Monday, April 1, 2024

Euphoria Has Set In, And Your Weekly Results Update

I mentioned in a recent video commentary that we are probably spending more time of late assessing narratives that don't jibe with our present view of general conditions, versus those that do -- as open-mindedness and objectivity are absolute musts for us... Well, I'm definitely not doing that in this post when it comes to the present risk/reward setup for US stocks.

Those of you who've been taking in our latest messaging will find the following very familiar... I.e., Peter Boockvar shares our present concerns:

"I'm going to start with stock market sentiment, which I usually do on Thursday's after I see both the Investors Intelligence and AAII surveys, because the weekly Citi Panic/Euphoria index I see via Barron's on Saturday's has entered Euphoria and at .40 is the highest since mid January 2022 (and which spent almost the entire year in the Euphoria category in 2021 so tough to time). The importance of this survey according to Citi itself is while it is a "gauge of investor sentiment" like others, "It identifies 'Panic' and 'Euphoria' levels which are statistically driven buy and sell signals for the broader market. Historically, a reading below panic supports a better than 95% likelihood that stock prices will be higher one year later, while euphoria levels generate a better than 80% probability of stock prices being lower one year later." 

So, as markets are higher most of the time and Citi has statistical metrics that say there is "a better than 80% probability of stock prices being lower one year later" when Euphoria has been realized, we should all take note. As stated though, it was very euphoric all throughout 2021 and markets kept elevating (though the most speculative stuff peaked in February 2021) so no one can be sure of the timing of when this matters but for those of us managing other people's money and in the risk management business, we should take heed. Especially when we combine this with the more than 40 point spread in II between Bulls and Bears which rarely occurs.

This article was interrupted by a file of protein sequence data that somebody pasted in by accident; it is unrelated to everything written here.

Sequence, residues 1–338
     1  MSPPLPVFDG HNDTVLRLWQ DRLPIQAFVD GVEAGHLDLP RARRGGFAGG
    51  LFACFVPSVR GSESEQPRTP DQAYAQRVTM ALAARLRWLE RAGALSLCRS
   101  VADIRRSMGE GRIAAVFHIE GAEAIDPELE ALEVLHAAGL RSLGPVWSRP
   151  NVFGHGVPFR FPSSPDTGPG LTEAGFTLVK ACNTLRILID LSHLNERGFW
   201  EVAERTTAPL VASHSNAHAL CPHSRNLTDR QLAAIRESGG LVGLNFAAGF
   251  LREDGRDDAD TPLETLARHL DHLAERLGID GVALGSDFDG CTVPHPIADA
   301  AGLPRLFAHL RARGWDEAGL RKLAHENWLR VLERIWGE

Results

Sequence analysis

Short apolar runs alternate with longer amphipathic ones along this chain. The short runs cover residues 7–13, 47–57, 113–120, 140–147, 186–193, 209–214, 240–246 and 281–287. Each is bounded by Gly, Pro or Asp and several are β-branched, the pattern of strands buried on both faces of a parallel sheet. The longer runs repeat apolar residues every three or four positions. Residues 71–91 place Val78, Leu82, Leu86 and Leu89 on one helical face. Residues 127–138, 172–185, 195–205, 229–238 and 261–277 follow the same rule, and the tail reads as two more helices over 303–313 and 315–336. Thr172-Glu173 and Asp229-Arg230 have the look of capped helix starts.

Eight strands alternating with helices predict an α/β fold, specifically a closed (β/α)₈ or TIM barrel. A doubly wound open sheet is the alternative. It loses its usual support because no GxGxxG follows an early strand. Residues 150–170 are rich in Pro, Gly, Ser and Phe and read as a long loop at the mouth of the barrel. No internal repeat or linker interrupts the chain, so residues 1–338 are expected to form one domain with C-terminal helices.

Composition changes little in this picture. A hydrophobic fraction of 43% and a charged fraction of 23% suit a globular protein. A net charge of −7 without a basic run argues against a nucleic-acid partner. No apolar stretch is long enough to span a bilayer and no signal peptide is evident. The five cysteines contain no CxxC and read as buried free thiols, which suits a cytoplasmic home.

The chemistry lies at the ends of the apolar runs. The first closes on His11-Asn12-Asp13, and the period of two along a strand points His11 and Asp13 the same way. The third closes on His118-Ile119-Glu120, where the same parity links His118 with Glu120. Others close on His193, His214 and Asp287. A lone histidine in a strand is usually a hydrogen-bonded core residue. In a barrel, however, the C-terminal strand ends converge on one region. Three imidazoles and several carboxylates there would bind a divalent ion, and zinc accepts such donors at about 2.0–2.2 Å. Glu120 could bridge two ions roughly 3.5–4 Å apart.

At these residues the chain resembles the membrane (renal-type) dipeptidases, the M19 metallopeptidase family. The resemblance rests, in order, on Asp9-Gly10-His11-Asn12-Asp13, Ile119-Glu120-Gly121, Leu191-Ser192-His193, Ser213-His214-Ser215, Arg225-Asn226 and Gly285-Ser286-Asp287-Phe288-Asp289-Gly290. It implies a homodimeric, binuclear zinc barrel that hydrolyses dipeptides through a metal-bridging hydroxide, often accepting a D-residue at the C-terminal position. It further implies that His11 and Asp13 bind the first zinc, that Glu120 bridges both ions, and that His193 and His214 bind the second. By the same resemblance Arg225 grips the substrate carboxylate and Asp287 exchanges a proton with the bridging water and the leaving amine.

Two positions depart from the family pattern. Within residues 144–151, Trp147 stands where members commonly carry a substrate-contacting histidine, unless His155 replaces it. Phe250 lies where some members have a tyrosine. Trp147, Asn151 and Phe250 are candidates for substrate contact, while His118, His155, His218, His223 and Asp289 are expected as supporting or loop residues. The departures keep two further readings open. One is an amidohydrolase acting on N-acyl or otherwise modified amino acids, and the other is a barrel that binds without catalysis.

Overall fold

Also, I keep hearing people arguing in both directions that we're seeing year 2000 bubble 2.0 and some saying not even close. At least as measured by the S&P 500 price to sales ratio, it's currently much worse now and more bubblicious though not that it means anything in the short term. It's important to point out that the bubble in the late 1990's that peaked in March 2000 was very narrowly focused as outside of tech, and some other stocks like GE and PG for example, the rest of the market was dirt cheap. Now, valuation elevation is more broad based as measured by that price to sales ratio I mentioned. I like to use this because it smooths out unsustainable profit margins that some companies sometimes have, like Nvidia which mathematically won't sustain a 77% profit margin for more than a year or two, thus I prefer a P/S ratio, not that I'm picking on Nvidia, just trying to make a point. 

As seen, the price to sales ratio is approaching the peak seen in December 2021 which was quite a year of speculation in just about everything with the meme and SPAC stock craze as we all remember with zero rates and epic QE. 

I bring up the extreme sentiment and this valuation metric to make NO call on the market right now but to raise antennas that we should all have a swivel head and eyes wide open when it comes to investing right now in terms of timing new investments, more so than usual and make decisions accordingly with a time horizon and risk profile that best fits your situation because there is little room for error right now. Can this persist? Of course. Will we have a notable shaking of the tree at some point in coming quarters, I believe most likely based on my points.  

S&P Price to Sales Ratio


And here's your weekly sector, region and asset class results update:

"You have to seek truth, even when it's uncomfortable." --Jeff Bezos

Have a great day!

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